Monday, January 18, 2010

Jon Elliston Patiently Tries to Engage MX Readers in Conversation about Journalism

Several readers of the Mountain Xpress cover story "Tale of a Takedown" commented that it was a "non-story," a "straw-man" and "pseudo-journalism."  A few of them used a little name-calling, as frequently happens in the MountainX comment section: "hipsters who love to talk about themselves," "grandstanding take on censorship."

With his admirable patience and long-suffering willingness to try to engage readers in useful conversation, editor Jon Elliston asks his critics, "can you elaborate? it felt like real journalism when we were working on the story, and it still seems that way to me, for multiple reasons that i  can mention if you like."

How does Elliston find time to do his job, when he takes so much time and care (and good humor) with his replies?  And I'll take his use of a lower case "i" for the personal pronoun as a sign of his humble spirit.

I agreed with the essence of the complaints and perhaps was remiss in only quoting one of the complainers, instead of explaining why I thought the story was "slow news."

Without re-reading the piece in detail, I recall that it was about a dispute between MountainX and a political activist.  Some video got posted on YoutTube and then taken down.  The ultimate outcome?  It was a misunderstanding, there was an apology, the video was restored.  No harm, no foul.  No news.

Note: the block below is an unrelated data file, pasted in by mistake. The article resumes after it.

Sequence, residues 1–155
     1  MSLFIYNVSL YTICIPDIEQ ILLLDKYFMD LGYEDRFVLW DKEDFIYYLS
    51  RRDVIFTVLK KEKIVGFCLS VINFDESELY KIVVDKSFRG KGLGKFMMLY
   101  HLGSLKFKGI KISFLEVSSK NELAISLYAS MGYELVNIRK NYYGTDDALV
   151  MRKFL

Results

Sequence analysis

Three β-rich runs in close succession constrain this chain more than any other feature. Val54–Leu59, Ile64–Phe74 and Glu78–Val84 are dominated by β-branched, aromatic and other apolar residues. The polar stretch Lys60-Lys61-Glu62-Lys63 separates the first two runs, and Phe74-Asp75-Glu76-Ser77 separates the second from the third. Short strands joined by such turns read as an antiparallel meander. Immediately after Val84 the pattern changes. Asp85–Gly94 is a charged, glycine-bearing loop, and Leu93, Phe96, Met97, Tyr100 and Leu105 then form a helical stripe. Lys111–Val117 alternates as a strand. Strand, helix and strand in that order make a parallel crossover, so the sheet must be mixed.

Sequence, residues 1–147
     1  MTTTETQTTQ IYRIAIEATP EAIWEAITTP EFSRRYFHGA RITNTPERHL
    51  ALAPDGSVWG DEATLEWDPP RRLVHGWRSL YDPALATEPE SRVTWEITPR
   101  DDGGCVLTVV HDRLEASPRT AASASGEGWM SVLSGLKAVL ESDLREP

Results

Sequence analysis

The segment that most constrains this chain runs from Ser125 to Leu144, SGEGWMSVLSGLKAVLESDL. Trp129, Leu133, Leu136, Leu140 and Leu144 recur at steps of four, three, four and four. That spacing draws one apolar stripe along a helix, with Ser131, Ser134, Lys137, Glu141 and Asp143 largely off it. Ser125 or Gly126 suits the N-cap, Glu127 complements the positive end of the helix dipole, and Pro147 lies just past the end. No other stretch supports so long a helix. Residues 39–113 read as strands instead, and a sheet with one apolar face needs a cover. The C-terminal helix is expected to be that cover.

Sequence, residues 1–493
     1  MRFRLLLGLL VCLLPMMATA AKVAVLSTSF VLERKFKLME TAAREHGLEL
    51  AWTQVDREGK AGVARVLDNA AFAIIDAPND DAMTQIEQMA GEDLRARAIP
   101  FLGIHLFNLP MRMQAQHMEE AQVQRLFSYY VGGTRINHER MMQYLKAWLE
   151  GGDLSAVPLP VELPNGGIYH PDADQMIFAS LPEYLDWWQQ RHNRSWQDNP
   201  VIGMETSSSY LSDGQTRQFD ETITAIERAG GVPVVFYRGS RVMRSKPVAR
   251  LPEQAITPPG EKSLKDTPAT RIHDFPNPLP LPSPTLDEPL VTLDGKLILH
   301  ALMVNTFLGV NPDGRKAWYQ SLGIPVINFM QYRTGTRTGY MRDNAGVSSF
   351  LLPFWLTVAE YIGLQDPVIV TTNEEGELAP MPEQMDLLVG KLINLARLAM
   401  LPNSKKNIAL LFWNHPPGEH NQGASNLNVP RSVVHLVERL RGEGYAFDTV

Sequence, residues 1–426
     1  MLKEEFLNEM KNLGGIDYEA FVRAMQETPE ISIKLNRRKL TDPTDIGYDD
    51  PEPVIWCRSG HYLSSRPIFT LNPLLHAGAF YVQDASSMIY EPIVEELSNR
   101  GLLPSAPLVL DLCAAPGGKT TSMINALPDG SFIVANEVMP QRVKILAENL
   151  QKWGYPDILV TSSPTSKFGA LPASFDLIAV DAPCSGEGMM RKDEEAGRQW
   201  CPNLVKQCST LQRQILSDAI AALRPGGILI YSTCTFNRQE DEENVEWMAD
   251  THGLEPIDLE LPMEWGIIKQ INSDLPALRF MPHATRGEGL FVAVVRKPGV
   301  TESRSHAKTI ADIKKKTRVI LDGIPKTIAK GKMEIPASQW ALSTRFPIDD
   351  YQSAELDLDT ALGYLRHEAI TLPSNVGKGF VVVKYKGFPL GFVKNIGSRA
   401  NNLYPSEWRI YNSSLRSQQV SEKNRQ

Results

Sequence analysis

Here's why I think it was an odd piece for MountainX to devote two reporters and its cover to.  I didn't see a real news hook. It happened back in November.  It only affected MountainX.  Did the general public need all that detail?  Maybe one of those "The Buzz" briefs.  Or a little note from the publisher about MX's vigilance.

Do newspapers often make themselves the subject of extended reporting?  Well, maybe if it's the Pentagon Papers or Jayson Blair or Judith Miller.

If MountainX's tug-of-war with YouTube was the hook to investigate what it called "Flexing Your Digital Rights," make that the story and not relegate it to a sidebar.  (Does anyone have a "right" to have something posted on YouTube?)  Has there been a rash of YouTube takedowns among MountainX readers?  Is YouTube the only offender?  Have other political activists in WNC made efforts to delete Web posts they object to?

Elliston said he can mention some of the reasons it felt like real journalism, if we'd like.  Would we?

1 comment:

  1. I don't think the article was a cover story but interesting given that the Action Club/Tea Party has called for the media to report all views. See my post at